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Picture yourself just zipping along beach side.
Picture yourself just zipping along beach side.
Photo by Port Aransas/Mustang Island Tourism Bureau & Chamber of Commerce

Visions of a Port Aransas That You May Never Have Thought You'd See (Again)

Two years ago, Hurricane Harvey dealt Post Aransas a pretty hefty blow, hitting just north of the beachfront city with winds clocked at 132 miles per hour, according to news reports. Most longtime visitors to the area cringed at the news, especially when they heard that all of the businesses and 85 percent of the residences there were damaged in the high winds and flooding. Plans for a new convention center were put on hold.

For years, travelers' memories of Port Aransas revolved around crabbing, swimming, deep sea fishing  and perhaps a trip to the Leonabelle Birding Center. It took a while, but in an amazing recovery, all those activities and spots are still there on the beachfront city located on Mustang Island where part of the attraction is travel by golf cart.

But tourism officials and city leaders are pushing visitors to look beyond that with a new emphasis on a higher end experience than a week in a camper or tent with outdoor shower facilities, Because increasingly the kind of real estate that folks are investing in there to either live in outright or rent out throughout the year comes with a heftier price tag.

But one still within a lot of visitors' reach on their vacations. 

Jefffrey Hentz, president and CEO of the Port Aransas Chamber of Commerce and Tourism Bureau has been making the rounds of the state, trying to get the word out that they are open for business and for those who want it, in fine style. He says that 90 percent of everything damaged in the storm has recovered and there is sustained building (or plans to) going on to add more. He touts the amenities which he says include more than 60 independent restaurants, most of them full service, sit down types. "They're all Mom and Pop-owned," he says, meaning that the dining experience in Port Aransas continues to be a unique one.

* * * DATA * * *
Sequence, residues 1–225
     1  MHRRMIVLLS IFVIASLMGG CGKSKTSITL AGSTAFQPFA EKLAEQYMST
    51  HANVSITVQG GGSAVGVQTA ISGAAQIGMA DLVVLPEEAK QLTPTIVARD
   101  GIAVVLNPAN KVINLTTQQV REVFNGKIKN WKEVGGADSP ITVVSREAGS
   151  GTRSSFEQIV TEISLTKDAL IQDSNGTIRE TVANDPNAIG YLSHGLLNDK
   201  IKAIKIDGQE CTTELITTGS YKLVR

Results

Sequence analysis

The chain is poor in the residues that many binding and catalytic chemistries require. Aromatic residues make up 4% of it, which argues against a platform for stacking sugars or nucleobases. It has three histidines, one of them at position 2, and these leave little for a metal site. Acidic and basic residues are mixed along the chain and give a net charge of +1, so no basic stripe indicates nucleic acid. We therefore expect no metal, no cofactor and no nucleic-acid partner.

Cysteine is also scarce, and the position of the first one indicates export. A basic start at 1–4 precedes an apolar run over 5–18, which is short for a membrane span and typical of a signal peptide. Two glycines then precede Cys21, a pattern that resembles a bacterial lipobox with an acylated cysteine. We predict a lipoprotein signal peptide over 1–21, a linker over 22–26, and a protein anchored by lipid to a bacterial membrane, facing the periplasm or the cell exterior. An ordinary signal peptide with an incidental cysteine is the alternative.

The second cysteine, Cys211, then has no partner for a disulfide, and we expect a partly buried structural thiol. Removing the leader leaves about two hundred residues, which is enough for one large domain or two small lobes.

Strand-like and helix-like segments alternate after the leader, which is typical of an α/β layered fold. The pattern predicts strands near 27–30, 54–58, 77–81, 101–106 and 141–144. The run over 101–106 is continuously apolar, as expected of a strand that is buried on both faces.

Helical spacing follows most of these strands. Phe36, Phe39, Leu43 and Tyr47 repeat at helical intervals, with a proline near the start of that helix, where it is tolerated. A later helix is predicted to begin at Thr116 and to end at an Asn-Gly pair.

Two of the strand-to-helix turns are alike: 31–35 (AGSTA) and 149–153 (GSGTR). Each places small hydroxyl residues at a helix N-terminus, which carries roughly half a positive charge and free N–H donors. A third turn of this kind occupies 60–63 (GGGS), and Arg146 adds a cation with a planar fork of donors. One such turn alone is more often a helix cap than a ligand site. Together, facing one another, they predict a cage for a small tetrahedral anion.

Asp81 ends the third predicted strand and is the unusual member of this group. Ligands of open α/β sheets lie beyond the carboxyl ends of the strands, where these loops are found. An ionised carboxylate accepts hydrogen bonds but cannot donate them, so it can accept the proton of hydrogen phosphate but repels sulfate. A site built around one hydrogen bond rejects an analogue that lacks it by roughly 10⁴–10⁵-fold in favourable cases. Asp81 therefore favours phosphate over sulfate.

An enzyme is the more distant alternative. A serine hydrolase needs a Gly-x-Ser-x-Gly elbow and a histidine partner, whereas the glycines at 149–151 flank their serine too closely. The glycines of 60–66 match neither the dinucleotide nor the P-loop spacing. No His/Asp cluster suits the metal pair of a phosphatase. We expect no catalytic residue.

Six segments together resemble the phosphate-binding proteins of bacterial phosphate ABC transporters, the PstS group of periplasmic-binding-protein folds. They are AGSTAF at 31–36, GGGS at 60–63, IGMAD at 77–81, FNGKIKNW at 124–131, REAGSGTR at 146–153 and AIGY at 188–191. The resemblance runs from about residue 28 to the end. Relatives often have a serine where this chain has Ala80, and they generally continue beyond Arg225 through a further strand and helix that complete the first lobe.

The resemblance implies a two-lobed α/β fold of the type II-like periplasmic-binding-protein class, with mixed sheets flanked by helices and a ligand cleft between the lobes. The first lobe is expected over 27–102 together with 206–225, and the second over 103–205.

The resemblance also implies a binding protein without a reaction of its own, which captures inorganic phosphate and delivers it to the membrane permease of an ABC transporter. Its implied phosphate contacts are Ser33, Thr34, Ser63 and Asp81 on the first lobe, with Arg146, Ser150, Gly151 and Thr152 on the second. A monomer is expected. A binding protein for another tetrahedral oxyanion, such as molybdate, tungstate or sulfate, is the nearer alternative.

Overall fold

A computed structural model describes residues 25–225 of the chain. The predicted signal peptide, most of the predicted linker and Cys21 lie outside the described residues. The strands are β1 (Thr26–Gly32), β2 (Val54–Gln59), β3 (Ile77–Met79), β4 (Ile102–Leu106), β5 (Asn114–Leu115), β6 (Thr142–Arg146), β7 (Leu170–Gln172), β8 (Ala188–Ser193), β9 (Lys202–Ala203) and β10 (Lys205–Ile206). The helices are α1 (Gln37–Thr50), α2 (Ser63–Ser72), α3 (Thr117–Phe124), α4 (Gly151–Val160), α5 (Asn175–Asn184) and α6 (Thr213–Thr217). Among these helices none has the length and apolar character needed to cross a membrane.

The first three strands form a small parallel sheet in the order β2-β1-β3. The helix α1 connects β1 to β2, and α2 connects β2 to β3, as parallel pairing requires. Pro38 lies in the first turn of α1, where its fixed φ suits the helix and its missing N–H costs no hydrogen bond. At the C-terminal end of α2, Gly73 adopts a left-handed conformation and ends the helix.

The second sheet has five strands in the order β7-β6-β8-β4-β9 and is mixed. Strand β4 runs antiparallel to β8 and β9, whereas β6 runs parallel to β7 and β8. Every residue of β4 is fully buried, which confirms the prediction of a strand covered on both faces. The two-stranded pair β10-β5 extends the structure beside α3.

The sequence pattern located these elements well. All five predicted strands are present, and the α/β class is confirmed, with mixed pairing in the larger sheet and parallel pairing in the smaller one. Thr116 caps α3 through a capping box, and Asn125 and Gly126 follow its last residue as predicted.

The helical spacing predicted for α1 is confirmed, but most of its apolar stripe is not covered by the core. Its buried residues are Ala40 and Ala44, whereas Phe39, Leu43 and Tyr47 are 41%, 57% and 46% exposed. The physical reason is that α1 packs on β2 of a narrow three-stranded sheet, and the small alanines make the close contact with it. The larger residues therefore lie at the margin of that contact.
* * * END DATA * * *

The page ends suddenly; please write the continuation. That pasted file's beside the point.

As for the higher end lodgings, Hentz says: "This is the only upscale destination in Texas that's on the coast."

Cinnamon Shore, not too shabby.
Cinnamon Shore, not too shabby.
Photo by Port Aransas/Mustang Island Tourism Bureau & Chamber of Commerce

There's Cinnamon Shore, described as "an upscale 1,000-acre master-planned beachfront, family- and pedestrian-friendly community that will add Cinnamon Shore South, a $1.3 billion, 300-acre expansion that will more than quadruple the existing community. It will include luxury homes, Town Center residences, community pools, a dining district with several restaurants, a retail destination, a health and wellness center and a boutique hotel."

And there's Palmilla Beach Resort & Golf Community which opened a new golf course in June "to include 12 holes of links-style play as well as 9 “traditional” holes, plus THE LOOP – a 3-hole, Par 3 course, plus a driving range. In Spring 2020, it will open a new 18 hole natural grass putting course and The PlayGround — an open-air restaurant and lounge with an events lawn (integrated into the golf course)."

Sunflower Beach Resort & Residences, is located among "50 acres of protected dune preserves, with beach homes, lots, and 21 single level poolside condos. Its 25 new ultra-luxury one- and two-bedroom beach cabins are priced from $382,000 to $499,000." 

At the same time, Hentz stresses that the atmosphere throughout Port Aransas continues to be laid back and designed for comfort. The conference center is back on track and they hope to open it in 2021, he says.

As summer is drawing to a close (although it certainly doesn't seem like it with the temperatures we've been having) there's still a few weeks and weekends to get in, not to mention the start of their fall season starting with Beachtoberfest from September 13 through October 30.

Also in September there is a Texas Super Chef Throwdown Series from September 18-21 in which chefs compete at six different restaurants with a final throwdown competition on that Saturday.

Port Aransas with its 18 miles of beach, is 200 miles or about a four-hour drive from Houston. Granted that's more than a trip over to Galveston and about the same as a jaunt to Corpus Christi, but it falls far short of the six-hour trek down to South Padre Island. If you're a) looking for something different and b) ready to spend some time and money at a Texas city that came together, pulled itself back up and continues to invest in its future then Port Aransas should be worth the journey.   

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